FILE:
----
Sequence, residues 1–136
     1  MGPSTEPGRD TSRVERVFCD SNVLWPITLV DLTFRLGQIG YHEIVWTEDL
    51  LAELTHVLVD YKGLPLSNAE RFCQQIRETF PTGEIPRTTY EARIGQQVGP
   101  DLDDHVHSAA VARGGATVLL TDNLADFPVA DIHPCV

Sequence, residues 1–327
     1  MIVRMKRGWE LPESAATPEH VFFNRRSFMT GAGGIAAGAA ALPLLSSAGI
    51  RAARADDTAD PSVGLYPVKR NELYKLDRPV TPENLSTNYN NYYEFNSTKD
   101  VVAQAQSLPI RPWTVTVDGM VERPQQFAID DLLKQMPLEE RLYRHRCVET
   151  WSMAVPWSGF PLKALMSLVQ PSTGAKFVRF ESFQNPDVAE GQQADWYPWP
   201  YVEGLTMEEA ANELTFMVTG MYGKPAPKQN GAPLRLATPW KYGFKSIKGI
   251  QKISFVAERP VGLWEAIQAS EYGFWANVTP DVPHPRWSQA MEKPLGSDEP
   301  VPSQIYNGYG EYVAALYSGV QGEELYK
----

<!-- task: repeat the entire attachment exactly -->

Sequence, residues 1–136
     1  MGPSTEPGRD TSRVERVFCD SNVLWPITLV DLTFRLGQIG YHEIVWTEDL
    51  LAELTHVLVD YKGLPLSNAE RFCQQIRETF PTGEIPRTTY EARIGQQVGP
   101  DLDDHVHSAA VARGGATVLL TDNLADFPVA DIHPCV

Sequence, residues 1–327
     1  MIVRMKRGWE LPESAATPEH VFFNRRSFMT GAGGIAAGAA ALPLLSSAGI
    51  RAARADDTAD PSVGLYPVKR NELYKLDRPV TPENLSTNYN NYYEFNSTKD
   101  VVAQAQSLPI RPWTVTVDGM VERPQQFAID DLLKQMPLEE RLYRHRCVET
   151  WSMAVPWSGF PLKALMSLVQ PSTGAKFVRF ESFQNPDVAE GQQADWYPWP
   201  YVEGLTMEEA ANELTFMVTG MYGKPAPKQN GAPLRLATPW KYGFKSIKGI
   251  QKISFVAERP VGLWEAIQAS EYGFWANVTP DVPHPRWSQA MEKPLGSDEP
   301  VPSQIYNGYG EYVAALYSGV QGEELYK